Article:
# Visual Patterns and Coding – Part 2 – Exponential and Inverse Relationships

Once we have got to grips with the basics of using python to create ‘visual pattern calculators’, it is time to take our thinking to the next level. Up to now we have only been looking at linear relationships with a straight line graph.

The visual pattern above is a quadratic relationship as the pattern grows in a linear fashion in two directions (It’s useful to talk separately about the width vs. length and then bring them together). The nth term is either (n+1)^2 or n^2+2n+1. Can you see both in the picture?

Let’s pause for a second. In 6th grade, I can use visual patterns to introduce the idea that a quadratic has two linear factors! I had HS seniors that struggled with this idea. I love this!

Next comes the coding. Again, we use CodeSkulptor to ‘skulpt’ our function in three lines: Input, Function/Output, and the display output command. The difference in this is that for exponents we have to use **.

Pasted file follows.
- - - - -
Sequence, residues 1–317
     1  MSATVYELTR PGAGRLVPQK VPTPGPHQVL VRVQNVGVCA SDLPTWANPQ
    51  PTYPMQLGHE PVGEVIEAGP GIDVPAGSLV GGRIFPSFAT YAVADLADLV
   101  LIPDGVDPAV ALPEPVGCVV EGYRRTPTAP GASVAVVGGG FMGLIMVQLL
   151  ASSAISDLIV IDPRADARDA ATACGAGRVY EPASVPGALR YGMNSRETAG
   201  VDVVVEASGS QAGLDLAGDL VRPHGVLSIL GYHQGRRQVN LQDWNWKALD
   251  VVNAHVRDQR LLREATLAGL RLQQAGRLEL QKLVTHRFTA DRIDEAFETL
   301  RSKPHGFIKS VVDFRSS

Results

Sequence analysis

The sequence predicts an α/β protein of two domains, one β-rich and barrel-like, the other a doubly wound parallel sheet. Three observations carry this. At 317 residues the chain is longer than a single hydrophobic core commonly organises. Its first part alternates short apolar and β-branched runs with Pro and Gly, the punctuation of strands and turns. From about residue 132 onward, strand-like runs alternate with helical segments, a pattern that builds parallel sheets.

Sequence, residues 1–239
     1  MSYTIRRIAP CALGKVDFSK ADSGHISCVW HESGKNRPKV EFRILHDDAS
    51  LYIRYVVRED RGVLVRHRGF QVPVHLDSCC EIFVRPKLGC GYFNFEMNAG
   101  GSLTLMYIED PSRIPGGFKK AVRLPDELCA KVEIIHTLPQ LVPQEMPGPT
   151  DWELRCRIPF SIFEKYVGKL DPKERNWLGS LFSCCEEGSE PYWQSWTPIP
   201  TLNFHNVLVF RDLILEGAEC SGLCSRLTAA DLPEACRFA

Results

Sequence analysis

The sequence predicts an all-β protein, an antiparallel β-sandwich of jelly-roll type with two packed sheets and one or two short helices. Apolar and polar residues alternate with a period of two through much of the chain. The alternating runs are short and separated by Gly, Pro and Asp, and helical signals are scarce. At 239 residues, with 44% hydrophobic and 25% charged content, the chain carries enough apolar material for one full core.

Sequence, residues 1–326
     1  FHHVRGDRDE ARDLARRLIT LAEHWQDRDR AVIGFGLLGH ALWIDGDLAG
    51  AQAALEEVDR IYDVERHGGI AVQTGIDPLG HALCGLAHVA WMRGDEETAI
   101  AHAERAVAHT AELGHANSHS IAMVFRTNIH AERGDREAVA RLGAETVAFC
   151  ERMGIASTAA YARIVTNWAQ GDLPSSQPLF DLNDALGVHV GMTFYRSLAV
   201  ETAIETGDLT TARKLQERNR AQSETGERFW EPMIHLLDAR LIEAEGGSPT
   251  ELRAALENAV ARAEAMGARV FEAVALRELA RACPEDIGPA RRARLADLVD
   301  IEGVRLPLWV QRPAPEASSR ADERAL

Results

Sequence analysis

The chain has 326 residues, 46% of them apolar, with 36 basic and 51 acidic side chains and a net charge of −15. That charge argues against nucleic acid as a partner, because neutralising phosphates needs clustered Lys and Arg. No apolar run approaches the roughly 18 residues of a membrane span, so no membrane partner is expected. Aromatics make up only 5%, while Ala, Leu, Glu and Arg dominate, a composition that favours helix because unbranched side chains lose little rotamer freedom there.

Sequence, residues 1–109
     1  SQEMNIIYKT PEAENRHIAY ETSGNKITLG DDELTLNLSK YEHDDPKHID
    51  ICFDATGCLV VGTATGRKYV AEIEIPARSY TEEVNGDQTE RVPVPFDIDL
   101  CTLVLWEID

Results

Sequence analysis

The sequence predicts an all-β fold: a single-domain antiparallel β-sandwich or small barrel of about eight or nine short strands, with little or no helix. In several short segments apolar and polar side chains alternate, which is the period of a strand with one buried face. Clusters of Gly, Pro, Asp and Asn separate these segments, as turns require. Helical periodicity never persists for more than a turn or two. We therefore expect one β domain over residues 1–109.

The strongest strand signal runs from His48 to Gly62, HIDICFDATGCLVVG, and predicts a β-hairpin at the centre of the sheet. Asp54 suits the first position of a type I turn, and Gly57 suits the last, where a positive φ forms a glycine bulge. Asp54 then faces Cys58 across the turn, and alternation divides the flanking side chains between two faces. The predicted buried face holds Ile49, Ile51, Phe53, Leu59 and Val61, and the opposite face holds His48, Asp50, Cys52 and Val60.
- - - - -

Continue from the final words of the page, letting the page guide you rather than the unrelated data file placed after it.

OR:

Also, I get the students to Desmos to see if their prediction of the graph are correct. This brings up great discussions about why the graph is the shape it is in quadrants two and three.

OR:

I have also introduced the idea of an inverse function; using python to create a function that would enable us to answer the question: What step would contain 400 blocks? This forces the student to consider inverse operations and the fact that order matters. Here is the code (python reads from top to bottom so you can include this all in the one program):

The benifit of this has been less about coding or nth term and more about introducing the composition of functions. It also enabled me to run some rich lessons on the topic of ‘Straight Line vs. Curvey Lines – Who Cares’ exploring linear vs. exponential relationships with finance and population growth.

The effects of this series will not be truly measured until these students take Algebra, next year. However, my hope is that this will have given them a solid foundation for many of the concepts that they will study in the coming years. We’ll see…

# Visual Patterns and Coding – Part 1 – Linear Relationships

To bridge the gap between pattern and function and following an online course I took with Rice University, I have started to introduce some basic coding. Python in particular. Even after one lesson of using coding and graphing, I have been able to have rich conversations about the differences between functions, input/outputs, the shape of a graph and the y-intercept. Here is the process I have taken them through: